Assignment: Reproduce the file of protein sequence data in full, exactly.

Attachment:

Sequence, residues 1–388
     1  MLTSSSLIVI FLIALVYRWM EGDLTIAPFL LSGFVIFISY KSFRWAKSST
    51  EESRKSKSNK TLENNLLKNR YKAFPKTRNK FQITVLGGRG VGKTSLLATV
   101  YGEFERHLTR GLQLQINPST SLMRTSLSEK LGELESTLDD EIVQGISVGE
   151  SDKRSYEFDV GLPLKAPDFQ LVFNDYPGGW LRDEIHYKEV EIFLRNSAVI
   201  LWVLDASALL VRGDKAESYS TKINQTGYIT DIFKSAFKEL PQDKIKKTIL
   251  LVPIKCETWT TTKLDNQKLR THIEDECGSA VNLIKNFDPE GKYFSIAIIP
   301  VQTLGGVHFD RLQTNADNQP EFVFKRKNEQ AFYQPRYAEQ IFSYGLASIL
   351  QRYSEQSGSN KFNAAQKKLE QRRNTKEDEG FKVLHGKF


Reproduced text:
Sequence, residues 1–388
     1  MLTSSSLIVI FLIALVYRWM EGDLTIAPFL LSGFVIFISY KSFRWAKSST
    51  EESRKSKSNK TLENNLLKNR YKAFPKTRNK FQITVLGGRG VGKTSLLATV
   101  YGEFERHLTR GLQLQINPST SLMRTSLSEK LGELESTLDD EIVQGISVGE
   151  SDKRSYEFDV GLPLKAPDFQ LVFNDYPGGW LRDEIHYKEV EIFLRNSAVI
   201  LWVLDASALL VRGDKAESYS TKINQTGYIT DIFKSAFKEL PQDKIKKTIL
   251  LVPIKCETWT TTKLDNQKLR THIEDECGSA VNLIKNFDPE GKYFSIAIIP
   301  VQTLGGVHFD RLQTNADNQP EFVFKRKNEQ AFYQPRYAEQ IFSYGLASIL
   351  QRYSEQSGSN KFNAAQKKLE QRRNTKEDEG FKVLHGKF